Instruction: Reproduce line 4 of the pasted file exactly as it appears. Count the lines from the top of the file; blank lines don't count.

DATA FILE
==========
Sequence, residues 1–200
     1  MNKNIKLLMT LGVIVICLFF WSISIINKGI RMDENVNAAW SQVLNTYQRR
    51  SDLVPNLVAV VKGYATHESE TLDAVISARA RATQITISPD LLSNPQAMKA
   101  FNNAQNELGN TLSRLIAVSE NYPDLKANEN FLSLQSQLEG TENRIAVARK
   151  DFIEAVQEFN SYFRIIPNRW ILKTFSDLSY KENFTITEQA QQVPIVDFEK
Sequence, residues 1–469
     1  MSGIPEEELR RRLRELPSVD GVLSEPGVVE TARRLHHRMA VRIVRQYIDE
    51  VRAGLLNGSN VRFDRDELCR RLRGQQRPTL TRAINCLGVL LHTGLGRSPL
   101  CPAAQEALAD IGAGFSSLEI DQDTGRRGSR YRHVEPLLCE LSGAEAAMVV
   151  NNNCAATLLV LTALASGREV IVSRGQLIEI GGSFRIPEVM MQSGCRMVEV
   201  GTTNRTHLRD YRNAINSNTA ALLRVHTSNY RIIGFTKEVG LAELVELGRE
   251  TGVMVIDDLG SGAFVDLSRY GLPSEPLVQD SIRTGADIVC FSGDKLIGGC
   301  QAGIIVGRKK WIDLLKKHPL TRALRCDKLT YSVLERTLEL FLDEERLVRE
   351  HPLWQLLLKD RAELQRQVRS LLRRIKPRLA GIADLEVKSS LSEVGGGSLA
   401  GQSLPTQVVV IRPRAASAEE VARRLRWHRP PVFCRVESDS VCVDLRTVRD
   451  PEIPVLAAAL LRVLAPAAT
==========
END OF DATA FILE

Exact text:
   101  FNNAQNELGN TLSRLIAVSE NYPDLKANEN FLSLQSQLEG TENRIAVARK